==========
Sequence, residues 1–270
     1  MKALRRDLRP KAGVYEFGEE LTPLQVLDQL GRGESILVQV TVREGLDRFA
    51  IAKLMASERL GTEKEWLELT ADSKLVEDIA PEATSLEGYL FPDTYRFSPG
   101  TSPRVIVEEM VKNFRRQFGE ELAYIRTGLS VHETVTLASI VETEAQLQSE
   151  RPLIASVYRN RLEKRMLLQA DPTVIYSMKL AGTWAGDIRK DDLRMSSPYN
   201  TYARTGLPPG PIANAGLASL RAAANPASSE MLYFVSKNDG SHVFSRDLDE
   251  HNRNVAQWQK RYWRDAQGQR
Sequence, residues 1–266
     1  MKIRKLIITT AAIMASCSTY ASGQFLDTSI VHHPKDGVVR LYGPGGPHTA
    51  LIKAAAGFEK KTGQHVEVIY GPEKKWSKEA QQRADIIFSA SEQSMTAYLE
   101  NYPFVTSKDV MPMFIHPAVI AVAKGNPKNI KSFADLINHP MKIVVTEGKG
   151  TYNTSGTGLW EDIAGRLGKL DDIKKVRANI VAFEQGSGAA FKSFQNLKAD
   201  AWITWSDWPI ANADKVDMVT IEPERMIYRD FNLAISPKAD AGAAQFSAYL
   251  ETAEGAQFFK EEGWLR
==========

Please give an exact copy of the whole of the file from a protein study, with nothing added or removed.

Sequence, residues 1–270
     1  MKALRRDLRP KAGVYEFGEE LTPLQVLDQL GRGESILVQV TVREGLDRFA
    51  IAKLMASERL GTEKEWLELT ADSKLVEDIA PEATSLEGYL FPDTYRFSPG
   101  TSPRVIVEEM VKNFRRQFGE ELAYIRTGLS VHETVTLASI VETEAQLQSE
   151  RPLIASVYRN RLEKRMLLQA DPTVIYSMKL AGTWAGDIRK DDLRMSSPYN
   201  TYARTGLPPG PIANAGLASL RAAANPASSE MLYFVSKNDG SHVFSRDLDE
   251  HNRNVAQWQK RYWRDAQGQR
Sequence, residues 1–266
     1  MKIRKLIITT AAIMASCSTY ASGQFLDTSI VHHPKDGVVR LYGPGGPHTA
    51  LIKAAAGFEK KTGQHVEVIY GPEKKWSKEA QQRADIIFSA SEQSMTAYLE
   101  NYPFVTSKDV MPMFIHPAVI AVAKGNPKNI KSFADLINHP MKIVVTEGKG
   151  TYNTSGTGLW EDIAGRLGKL DDIKKVRANI VAFEQGSGAA FKSFQNLKAD
   201  AWITWSDWPI ANADKVDMVT IEPERMIYRD FNLAISPKAD AGAAQFSAYL
   251  ETAEGAQFFK EEGWLR